ST contest winners share stories about landmarks

Ms Goh Zhen Yi using sign language to represent Marina Bay Sands. She has long been fascinated by MBS' unique architecture, and spent a year learning sign language so she could use it to represent the iconic landmark. Mr Mohamed Ali Rauff took his mo
Mr Mohamed Ali Rauff took his mother on a ride on the Singapore Flyer after he received his first pay cheque as an intern. He said "it was very memorable for us".ST PHOTO: KEVIN LIM
Ms Goh Zhen Yi using sign language to represent Marina Bay Sands. She has long been fascinated by MBS' unique architecture, and spent a year learning sign language so she could use it to represent the iconic landmark. Mr Mohamed Ali Rauff took his mo
Ms Goh Zhen Yi using sign language to represent Marina Bay Sands. She has long been fascinated by MBS' unique architecture, and spent a year learning sign language so she could use it to represent the iconic landmark. PHOTO: DIOS VINCOY JR FOR THE STRAITS TIMES

From a wedding dinner atop OUE Tower, to a man's treat of a ride for him and his mother on the Singapore Flyer, paid for with his first pay cheque, people shared what various iconic structures here meant to them during a recent contest by The Straits Times.

As part of the fortnight-long #GuesswithST contest that ended last week, Straits Times photographers took pictures of iconic landmarks, such as Marina Bay Sands (MBS), the Singapore Flyer, Merlion Park, Suntec City and OUE Tower, from obscure angles.

The public had to correctly guess the location of one of the photos and submit a short write-up describing the significance the place had to Singapore or to them personally, and upload their entries on Instagram or Facebook.

Twenty-eight winners were handpicked from over 3,000 submissions, with each winning a pair of tickets to a National Day Parade preview show.

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Retired clerk Betty Ho, 57, held her wedding dinner in 1985 at an eatery called the Red Lantern Revolving Restaurant at the top of OUE Tower. "The restaurant was circular. It was a novelty and everyone was excited to be up there," she said.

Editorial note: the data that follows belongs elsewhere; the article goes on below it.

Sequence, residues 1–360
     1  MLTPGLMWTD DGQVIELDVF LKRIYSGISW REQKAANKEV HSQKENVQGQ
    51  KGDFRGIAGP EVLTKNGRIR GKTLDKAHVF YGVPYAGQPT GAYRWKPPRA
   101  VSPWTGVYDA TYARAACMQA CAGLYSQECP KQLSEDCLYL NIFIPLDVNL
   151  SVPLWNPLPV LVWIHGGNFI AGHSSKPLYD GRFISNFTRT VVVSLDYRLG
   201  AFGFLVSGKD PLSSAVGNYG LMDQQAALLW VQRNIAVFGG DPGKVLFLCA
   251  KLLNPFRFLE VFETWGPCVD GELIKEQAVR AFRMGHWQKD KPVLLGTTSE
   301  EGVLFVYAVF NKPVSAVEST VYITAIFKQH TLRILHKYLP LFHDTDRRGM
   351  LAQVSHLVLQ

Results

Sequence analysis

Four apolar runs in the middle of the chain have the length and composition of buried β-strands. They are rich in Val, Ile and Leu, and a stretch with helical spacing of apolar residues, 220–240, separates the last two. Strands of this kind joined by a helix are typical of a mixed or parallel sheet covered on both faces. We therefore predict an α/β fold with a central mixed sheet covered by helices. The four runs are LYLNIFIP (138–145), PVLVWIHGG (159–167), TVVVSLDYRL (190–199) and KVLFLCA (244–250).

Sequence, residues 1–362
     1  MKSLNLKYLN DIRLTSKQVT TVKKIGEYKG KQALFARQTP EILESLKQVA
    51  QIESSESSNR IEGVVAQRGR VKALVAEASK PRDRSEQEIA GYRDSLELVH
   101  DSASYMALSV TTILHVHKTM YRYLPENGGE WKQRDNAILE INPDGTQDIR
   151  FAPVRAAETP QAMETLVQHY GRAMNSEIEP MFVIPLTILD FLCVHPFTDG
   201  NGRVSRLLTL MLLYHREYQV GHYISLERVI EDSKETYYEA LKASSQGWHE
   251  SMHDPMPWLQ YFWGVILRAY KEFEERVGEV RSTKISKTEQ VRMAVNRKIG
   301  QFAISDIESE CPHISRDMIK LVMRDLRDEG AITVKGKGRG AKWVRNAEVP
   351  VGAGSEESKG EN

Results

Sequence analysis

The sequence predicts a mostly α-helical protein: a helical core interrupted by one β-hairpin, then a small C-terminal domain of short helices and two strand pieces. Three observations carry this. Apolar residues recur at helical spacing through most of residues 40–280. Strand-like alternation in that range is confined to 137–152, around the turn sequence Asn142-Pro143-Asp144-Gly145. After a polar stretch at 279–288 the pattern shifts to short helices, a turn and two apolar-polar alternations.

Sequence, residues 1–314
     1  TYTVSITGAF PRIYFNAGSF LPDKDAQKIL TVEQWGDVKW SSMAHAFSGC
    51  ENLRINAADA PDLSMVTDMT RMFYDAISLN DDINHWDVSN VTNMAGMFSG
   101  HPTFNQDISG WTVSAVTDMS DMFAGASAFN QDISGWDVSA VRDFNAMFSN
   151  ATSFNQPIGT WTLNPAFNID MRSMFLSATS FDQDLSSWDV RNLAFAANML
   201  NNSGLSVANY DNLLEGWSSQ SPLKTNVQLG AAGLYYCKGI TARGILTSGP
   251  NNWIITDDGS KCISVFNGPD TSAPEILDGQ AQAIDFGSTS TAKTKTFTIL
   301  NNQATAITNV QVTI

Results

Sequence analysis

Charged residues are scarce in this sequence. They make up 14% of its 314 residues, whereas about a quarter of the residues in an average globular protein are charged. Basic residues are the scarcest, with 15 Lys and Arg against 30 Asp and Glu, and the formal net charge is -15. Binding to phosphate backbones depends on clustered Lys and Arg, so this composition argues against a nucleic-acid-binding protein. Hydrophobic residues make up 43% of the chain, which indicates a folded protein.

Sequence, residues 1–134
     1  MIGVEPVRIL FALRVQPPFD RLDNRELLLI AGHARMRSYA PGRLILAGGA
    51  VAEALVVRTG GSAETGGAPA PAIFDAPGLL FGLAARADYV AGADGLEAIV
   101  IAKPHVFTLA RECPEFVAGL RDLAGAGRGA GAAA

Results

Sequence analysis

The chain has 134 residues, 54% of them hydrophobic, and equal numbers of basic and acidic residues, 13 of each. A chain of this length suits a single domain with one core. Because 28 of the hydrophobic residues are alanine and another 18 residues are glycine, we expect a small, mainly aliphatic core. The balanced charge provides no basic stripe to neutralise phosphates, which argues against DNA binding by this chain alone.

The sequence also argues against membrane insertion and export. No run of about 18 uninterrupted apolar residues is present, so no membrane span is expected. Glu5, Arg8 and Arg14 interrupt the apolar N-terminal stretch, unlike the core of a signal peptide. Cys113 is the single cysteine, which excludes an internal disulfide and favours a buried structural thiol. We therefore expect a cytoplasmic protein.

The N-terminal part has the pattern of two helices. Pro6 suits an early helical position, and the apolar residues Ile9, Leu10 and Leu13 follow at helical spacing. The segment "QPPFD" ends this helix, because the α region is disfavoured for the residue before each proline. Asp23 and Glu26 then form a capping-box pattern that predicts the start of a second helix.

The restaurant there is now Tong Le Private Dining.

Civil servant Chua Shuhui, 29, said Suntec City was special to her because it was where she went on her first date with her then boyfriend, now husband, in 2006, and also where he surprised her with a bouquet of 99 red roses when he proposed eight years later.

Ms Goh Zhen Yi using sign language to represent Marina Bay Sands. She has long been fascinated by MBS' unique architecture, and spent a year learning sign language so she could use it to represent the iconic landmark. Mr Mohamed Ali Rauff took his mo

There were other occasions in between for the junior college sweethearts. "Suntec City was one of the places we would go for orientation mass dances," she said.

Data analyst Goh Zhen Yi, 24, who spent a year learning sign language at Nanyang Technological University, said she had long been fascinated by MBS' unique architecture, and learnt how to represent it using sign language.

Another data analyst, Mr Mohamed Ali Rauff, 27, said the Singapore Flyer was special to him because he took his mother on a ride after he received his first pay cheque as an intern. "She was able to get an overview of the whole of Singapore. She was so grateful and it was very memorable for us."

A version of this article appeared in the print edition of The Straits Times on July 18, 2017, with the headline 'ST contest winners share stories about landmarks'. Print Edition | Subscribe